shutterstock_56469016-210x95William Buiter, the chief economist at Citigroup recently said,
“Those who say the European economy is recovering are smoking something.” Even though the UK is supposed to be weaning itself off debt, the UK’s aggregate debt levels have soared since 2007.
In fact, PricewaterhouseCoopers warned that Britain’s total debt will top £10 trillion by 2015, saying that the burden could slow growth for decades as interest rates eventually rise.

Furthermore, the firm believes interest rates on mortgages may end up higher than before the recession, as tougher regulation pushes up lenders’ costs. Every week a new government statistic is released suggesting confidence is up and we are a nation on happy pills.

Apparently our employment rate would make Angela Merkel envious.
The picture painted is an encouraging one, an optimistic one, a remarkable one. The reality is that households have rarely been more squeezed.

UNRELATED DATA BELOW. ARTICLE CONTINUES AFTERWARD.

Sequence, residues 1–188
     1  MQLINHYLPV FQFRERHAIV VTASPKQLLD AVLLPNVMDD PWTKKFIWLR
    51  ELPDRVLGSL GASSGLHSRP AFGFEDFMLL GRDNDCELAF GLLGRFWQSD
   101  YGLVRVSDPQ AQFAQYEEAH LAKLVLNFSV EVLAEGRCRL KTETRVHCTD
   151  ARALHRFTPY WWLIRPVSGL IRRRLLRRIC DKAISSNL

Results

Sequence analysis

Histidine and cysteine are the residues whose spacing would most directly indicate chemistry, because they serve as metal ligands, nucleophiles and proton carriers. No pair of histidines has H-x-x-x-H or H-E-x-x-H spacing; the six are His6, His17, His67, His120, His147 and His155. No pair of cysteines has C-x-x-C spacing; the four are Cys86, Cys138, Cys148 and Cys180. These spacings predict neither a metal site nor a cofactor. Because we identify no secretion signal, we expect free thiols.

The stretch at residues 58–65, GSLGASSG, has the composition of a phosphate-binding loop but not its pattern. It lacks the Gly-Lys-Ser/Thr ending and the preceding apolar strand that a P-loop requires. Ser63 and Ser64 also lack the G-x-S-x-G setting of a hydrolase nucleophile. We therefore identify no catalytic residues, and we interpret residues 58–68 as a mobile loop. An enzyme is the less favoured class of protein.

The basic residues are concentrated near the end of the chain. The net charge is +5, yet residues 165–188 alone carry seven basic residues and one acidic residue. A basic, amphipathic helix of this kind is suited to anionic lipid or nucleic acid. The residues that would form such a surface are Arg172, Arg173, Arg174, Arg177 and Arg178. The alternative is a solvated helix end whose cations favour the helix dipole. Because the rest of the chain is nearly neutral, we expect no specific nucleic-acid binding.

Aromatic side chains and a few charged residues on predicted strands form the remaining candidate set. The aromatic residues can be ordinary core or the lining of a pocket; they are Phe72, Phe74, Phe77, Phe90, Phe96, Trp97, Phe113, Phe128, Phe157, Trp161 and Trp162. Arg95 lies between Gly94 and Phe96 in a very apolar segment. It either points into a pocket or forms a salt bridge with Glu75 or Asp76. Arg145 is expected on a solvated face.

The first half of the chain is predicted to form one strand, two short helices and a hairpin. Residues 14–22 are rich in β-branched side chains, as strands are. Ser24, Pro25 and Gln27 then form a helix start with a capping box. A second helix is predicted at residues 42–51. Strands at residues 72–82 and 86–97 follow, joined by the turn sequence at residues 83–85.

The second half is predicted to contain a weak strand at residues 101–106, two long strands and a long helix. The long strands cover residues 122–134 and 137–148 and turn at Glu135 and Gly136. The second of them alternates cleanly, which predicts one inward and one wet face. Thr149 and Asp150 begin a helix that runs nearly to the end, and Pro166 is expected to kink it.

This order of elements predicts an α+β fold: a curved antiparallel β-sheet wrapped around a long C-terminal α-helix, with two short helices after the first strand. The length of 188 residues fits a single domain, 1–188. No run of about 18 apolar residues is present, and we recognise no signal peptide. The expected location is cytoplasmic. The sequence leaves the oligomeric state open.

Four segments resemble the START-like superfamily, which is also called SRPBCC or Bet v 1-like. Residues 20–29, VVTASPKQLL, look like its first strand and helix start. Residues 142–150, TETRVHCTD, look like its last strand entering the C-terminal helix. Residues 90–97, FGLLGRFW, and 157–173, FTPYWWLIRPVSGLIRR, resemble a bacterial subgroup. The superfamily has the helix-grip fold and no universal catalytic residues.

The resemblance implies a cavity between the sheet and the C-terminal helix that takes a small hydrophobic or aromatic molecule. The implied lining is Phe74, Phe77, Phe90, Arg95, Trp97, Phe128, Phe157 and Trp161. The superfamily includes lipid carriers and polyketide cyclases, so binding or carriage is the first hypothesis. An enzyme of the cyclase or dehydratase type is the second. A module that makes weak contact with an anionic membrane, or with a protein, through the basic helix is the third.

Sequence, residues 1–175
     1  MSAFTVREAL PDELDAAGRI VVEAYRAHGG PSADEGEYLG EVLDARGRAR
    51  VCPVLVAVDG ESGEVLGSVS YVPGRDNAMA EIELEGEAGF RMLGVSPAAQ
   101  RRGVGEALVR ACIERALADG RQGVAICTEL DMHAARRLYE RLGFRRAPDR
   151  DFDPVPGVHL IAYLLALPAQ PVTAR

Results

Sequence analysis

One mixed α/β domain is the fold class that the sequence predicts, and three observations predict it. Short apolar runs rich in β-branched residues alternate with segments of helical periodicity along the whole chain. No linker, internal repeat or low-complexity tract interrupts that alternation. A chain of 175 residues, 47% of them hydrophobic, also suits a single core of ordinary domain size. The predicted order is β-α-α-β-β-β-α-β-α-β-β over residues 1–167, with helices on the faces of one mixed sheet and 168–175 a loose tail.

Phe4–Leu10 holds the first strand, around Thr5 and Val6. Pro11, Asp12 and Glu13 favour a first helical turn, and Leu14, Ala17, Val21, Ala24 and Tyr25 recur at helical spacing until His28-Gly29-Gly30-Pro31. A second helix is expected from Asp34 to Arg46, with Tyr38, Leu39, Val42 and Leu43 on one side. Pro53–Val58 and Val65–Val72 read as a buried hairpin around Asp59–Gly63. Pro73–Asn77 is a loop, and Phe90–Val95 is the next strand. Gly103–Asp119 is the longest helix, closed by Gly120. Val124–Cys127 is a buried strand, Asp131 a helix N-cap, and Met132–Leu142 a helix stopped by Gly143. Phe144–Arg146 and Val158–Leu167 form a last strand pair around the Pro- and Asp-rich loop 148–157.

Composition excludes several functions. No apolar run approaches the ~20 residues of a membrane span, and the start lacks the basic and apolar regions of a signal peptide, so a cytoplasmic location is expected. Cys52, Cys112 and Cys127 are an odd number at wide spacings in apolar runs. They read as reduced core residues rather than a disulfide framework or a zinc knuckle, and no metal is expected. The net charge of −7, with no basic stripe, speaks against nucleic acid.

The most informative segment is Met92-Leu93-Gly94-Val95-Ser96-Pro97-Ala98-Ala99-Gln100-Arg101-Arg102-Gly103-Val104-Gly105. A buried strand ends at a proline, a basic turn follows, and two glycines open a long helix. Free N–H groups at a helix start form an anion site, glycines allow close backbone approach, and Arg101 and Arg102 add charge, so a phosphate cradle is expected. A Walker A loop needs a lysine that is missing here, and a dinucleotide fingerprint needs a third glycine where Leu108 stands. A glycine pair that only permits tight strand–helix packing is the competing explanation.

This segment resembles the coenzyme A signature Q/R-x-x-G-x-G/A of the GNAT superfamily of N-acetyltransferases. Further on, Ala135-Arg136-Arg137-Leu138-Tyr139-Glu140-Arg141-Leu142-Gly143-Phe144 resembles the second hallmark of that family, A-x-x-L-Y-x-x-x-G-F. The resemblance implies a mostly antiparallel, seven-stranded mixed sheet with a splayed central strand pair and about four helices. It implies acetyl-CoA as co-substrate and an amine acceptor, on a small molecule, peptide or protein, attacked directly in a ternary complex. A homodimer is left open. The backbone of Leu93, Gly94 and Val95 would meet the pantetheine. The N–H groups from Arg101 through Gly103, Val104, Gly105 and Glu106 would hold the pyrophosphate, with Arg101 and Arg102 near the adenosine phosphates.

But it doesn’t serve any political agenda to highlight the increased burden on homeowners.

A spokesperson for Rescue My Properties, a company that specialises on mortgage debt said, “Personal debt has become an unfortunate way of life for many Brits. “This is hardly the recipe for confidence.
“The reason people aren’t paying the mortgage on their homes is simply because they cannot. They do not have the money to pay that one very imperative debt. This then has a domino effect on personal finances. It means people cannot cover other basics of life, such as electricity and food bills. Feel good headlines or thinktank surveys do not report the reality that households are under constant worry and stress.

“Rescue My Properties have helped over 3000 clients in the past 8 years to deal with their property related problems and get rid of crippling debts.”